Scholars exploring gender diversity of the past face a variety of barriers, from the obscurity and inaccessibility of archival material to search challenges due to inconsistent terminology and indexing. In response, the creators of the Digital Transgender Archive (DTA) have compiled thousands of digitized and born-digital materials relevant to transgender history from dozens of institutions into an easily navigable web platform. Expansively defining transgender as a “broad and inclusive range of non-normative gender practices” rather than a specific identity category, the DTA has assembled what it describes as “a trans-historical and trans-cultural collection of materials related to trans-ing gender.” Its geographic scope centers on North America but incorporates material from around the world, primarily from the 20th century but stretching back at least to the 1500s. Based at Northeastern University (formerly at College of the Holy Cross) and supported in part by funding from the American Council of Learned Societies, the DTA is directed by K.J. Rawson and supported by an advisory board of that includes both transgender and cis-gender activists and scholars along with a team of students and volunteers.
The heart of the DTA lies in the many pathways it offers for sorting and searching its varied materials. The “Institutions” feature indexes the dozens of repositories whose material populates the site, ranging from university libraries to topical collections to community archives based primarily online or in North America but with contributors from Europe and Latin America. The “Collections” feature allows users to browse over 100 widely varied thematic clusters of material, indicating categories (court documents, sheet music), individuals (the Lou Sullivan or Christine Jorgensen collections), publications (Hermaphrodites with Attitude, Transgender Tapestry), and more. The “Topic” function reveals an expansive, sophisticated index of searchable metadata terms, reflecting Rawson’s work with Homosaurus, an influential linked data vocabulary of LGBTQ+ terms, while “Genre” allows users to peruse material by formats ranging from photographs to oral histories to posters. The interactive “Map” function, while elegantly designed with Leaflet, proves counter-intuitive by positioning items based neither on where they were produced nor their archival location but on any geographic reference made in the content of the item, blurring the topic or subject fields and reducing its utility. With this exception, these varied search axes provide multiple useful points of entry to navigate the growing collection.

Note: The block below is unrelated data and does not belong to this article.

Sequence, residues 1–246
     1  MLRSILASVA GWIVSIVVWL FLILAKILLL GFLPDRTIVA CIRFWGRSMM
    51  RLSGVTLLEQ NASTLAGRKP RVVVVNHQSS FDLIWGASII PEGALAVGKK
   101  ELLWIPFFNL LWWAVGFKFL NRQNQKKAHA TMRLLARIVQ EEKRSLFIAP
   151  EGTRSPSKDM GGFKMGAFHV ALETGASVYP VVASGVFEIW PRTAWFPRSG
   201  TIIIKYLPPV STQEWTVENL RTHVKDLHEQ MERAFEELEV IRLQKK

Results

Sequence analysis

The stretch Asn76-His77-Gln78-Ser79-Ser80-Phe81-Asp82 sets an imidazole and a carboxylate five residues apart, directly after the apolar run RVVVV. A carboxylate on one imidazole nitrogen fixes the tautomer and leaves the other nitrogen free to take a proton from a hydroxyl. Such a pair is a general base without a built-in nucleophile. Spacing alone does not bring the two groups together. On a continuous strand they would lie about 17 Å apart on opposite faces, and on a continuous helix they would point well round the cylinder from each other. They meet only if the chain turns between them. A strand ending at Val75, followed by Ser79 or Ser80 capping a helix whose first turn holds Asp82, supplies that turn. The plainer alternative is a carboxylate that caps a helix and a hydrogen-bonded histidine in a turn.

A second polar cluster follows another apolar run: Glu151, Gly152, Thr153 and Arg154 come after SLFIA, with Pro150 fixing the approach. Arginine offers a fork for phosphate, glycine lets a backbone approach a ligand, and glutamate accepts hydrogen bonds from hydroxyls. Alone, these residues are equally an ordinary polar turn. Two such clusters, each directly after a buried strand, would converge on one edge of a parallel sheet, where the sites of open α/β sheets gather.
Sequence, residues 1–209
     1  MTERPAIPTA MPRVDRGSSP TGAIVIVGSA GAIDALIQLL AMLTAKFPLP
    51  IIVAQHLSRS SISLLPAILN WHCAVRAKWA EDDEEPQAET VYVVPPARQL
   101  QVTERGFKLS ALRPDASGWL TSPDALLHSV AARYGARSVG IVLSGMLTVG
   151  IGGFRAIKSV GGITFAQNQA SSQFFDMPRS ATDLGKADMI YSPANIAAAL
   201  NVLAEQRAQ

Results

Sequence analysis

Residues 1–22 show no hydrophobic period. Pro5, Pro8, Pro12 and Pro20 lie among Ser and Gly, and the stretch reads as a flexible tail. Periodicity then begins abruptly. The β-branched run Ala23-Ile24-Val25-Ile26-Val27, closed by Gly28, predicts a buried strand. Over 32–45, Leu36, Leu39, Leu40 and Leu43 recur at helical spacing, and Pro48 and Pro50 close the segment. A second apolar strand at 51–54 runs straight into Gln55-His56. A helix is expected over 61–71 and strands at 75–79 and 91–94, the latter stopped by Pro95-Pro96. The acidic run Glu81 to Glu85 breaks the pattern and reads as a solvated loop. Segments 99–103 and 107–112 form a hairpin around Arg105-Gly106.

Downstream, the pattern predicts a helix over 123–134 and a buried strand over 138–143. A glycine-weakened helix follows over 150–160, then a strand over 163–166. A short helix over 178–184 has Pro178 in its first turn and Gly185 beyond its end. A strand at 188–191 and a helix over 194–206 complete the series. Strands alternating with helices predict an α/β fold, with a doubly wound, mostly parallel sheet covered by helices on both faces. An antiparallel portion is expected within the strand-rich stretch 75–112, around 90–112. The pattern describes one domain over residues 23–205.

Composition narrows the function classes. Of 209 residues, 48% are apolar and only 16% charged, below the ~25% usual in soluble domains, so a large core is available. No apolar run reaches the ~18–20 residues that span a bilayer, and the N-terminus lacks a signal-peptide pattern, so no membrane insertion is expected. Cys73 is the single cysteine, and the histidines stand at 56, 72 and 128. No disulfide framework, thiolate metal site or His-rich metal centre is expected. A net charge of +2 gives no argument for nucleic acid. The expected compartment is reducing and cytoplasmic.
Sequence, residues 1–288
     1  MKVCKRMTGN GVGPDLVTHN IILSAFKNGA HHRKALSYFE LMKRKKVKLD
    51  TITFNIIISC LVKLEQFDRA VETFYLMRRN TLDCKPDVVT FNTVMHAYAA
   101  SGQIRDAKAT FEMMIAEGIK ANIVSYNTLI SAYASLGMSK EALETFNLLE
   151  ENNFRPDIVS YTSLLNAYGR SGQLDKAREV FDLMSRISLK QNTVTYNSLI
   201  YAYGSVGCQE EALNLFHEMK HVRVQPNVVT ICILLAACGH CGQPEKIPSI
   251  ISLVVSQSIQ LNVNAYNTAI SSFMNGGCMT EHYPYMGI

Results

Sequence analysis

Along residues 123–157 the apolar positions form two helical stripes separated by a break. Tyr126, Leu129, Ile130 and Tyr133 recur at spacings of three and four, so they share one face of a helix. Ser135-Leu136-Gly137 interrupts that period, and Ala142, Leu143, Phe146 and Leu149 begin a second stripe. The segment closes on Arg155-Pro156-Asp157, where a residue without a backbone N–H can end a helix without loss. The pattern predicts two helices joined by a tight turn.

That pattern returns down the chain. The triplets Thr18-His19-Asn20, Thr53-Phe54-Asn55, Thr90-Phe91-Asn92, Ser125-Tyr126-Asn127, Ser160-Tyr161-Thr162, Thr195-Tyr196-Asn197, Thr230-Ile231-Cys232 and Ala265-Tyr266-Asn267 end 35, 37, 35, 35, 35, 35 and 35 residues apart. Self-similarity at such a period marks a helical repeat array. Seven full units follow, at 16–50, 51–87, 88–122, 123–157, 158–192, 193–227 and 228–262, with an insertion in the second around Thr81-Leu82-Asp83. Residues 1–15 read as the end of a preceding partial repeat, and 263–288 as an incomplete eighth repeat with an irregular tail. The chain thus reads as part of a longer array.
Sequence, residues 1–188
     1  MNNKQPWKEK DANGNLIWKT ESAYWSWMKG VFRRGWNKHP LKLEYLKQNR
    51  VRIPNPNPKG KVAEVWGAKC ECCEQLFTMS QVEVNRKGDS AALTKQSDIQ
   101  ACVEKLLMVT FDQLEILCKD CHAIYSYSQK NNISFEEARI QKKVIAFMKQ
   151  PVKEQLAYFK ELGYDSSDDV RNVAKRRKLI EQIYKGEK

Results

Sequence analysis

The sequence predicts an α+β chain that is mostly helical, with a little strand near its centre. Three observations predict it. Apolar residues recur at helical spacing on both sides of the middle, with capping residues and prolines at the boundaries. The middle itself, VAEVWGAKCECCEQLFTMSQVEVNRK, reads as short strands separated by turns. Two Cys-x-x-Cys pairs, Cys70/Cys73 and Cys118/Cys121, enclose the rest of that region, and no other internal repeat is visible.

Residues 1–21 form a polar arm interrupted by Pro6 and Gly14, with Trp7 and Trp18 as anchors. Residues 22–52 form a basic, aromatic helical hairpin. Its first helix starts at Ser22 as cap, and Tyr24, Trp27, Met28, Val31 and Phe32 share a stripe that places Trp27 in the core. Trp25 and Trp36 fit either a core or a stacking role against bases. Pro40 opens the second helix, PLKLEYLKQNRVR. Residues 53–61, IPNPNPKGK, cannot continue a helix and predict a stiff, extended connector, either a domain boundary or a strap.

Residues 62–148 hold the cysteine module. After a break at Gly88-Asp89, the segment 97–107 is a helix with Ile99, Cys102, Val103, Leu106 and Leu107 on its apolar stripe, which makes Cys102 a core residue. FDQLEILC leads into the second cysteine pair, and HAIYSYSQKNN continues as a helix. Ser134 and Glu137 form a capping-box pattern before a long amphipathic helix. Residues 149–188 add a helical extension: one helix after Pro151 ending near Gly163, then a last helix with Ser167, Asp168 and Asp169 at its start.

For users new to transgender history, the DTA offers a “Starter’s Guide.” The “Glossary” and “Global Terms” pages provide definitions for a wide range of concepts not limited to contemporary Euro-American gender frameworks, while a series of questions reflecting popular interests and uses for the site offer accessible introductions to its content. The “Race and Ethnicity Research Guide” links to BIPOC-related materials, search advice, and a description of metadata policies relating to race. Written in accessible language and offering tips on allyship, the “Starter’s Guide” reflects a community orientation that expands the DTA’s relevance beyond the academy. The Digital Transgender Archive models how digital humanities projects can engage and remain accountable to broad communities of users, while providing an invaluable resource for both scholarly researchers and community members curious about their history.